Update: Trial of Sanford Ltd FV San Nikunau begins today
The federal court in Washington D.C. has denied New Zealand based Sanford Limited’s motion to exclude evidence regarding the alleged monetary proceeds obtained by Sanford as a result of the offload of fish cargo from the fishing vessel San Nikunau at the Port of Pago Pago in American Samoa.
Sanford is charged under a seven-count indictment with violating the Act to Prevent Pollution from Ships (APPS), conspiracy and obstruction of justice. The indictment also seeks criminal forfeiture from Sanford of more than $24 million for proceeds derived by Sanford as a result of the criminal conduct.
Jury selection in the Sanford case got underway yesterday morning and court records show a jury of 12 members and two alternates were selected and sworn in. The trial, which is expected to last two weeks, starts today and Sanford’s top executives told New Zealand news media the company will strongly defend the charges.
Sanford sought to exclude the money proceeds evidence from being presented in trial, arguing among other things, that the admission of the amount of proceeds would be irrelevant under federal rules of evidence and unfairly prejudice the jury.
In a July 19, 24-page ruling, U.S. District Court Judge Beryl A. Howell says the court finds that evidence of monetary proceeds is generally relevant to motive in this case, and the danger of unfair prejudice is unlikely to result from the admission of such evidence.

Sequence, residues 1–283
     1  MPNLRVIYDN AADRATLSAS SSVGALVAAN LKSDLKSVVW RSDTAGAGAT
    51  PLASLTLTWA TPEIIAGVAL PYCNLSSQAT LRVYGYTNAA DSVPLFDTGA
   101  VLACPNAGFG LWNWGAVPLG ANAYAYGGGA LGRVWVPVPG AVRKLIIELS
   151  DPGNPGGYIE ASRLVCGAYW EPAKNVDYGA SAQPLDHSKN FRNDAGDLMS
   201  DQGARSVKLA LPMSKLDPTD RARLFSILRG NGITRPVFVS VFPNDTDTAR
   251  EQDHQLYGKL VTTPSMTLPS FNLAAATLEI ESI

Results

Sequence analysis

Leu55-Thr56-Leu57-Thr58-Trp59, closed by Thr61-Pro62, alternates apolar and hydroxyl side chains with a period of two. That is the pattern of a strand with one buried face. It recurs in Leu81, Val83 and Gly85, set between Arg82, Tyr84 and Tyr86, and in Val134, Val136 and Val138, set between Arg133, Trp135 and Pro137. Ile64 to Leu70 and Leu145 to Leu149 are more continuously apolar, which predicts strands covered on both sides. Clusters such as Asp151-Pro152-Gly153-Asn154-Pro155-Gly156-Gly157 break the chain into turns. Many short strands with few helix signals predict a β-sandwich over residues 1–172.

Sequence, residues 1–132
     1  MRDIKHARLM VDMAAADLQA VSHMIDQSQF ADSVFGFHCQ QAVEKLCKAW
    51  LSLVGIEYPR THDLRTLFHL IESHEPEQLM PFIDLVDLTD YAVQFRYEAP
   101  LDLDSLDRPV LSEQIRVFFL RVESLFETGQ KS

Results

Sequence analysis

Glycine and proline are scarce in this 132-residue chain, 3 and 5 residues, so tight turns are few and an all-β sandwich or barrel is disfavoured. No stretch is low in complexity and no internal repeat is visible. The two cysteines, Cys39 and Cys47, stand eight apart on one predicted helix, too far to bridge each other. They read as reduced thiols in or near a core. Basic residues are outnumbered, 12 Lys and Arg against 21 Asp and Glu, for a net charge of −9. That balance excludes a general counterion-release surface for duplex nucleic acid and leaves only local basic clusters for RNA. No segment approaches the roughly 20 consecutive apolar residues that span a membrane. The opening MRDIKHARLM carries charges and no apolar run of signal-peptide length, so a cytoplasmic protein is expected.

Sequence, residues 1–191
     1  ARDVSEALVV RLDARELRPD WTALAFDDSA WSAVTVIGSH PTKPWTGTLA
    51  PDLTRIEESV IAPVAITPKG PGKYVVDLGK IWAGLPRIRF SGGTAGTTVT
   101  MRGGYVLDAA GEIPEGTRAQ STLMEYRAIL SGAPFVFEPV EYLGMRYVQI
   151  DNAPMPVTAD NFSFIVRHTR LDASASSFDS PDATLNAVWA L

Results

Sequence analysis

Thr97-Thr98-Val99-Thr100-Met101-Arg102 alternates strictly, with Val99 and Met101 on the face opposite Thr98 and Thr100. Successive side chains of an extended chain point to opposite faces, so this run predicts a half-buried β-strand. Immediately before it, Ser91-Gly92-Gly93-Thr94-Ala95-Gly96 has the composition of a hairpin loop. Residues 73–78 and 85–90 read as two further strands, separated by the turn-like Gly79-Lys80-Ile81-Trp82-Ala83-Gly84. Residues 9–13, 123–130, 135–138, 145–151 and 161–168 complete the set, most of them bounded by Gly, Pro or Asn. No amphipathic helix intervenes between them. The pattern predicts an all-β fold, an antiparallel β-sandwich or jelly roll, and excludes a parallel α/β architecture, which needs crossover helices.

However, the judge said the court holds that the government may only introduce evidence of monetary proceeds in support of an alternative fine under federal law to the extent, and only if, such evidence is necessary to establish or calculate the appropriate measure of gross gain derived from the charged offense, namely: money made which are additional before-tax profit to the defendants, that was proximately caused by the relevant conduct of the offense.
Last week Wednesday, the Justice Department filed a two-page notice saying that prosecution will not pursue an alternative fine and instead intends to prove proceeds of $24.04 million as evidence of motive by the defendant.
New Zealand news media reported yesterday that the San Nikunau is one of three large-scale freezer purse seiners operating in the Pacific. It targets skipjack tuna used for canning, which is typically unloaded and sold to one of the canneries in Pago Pago.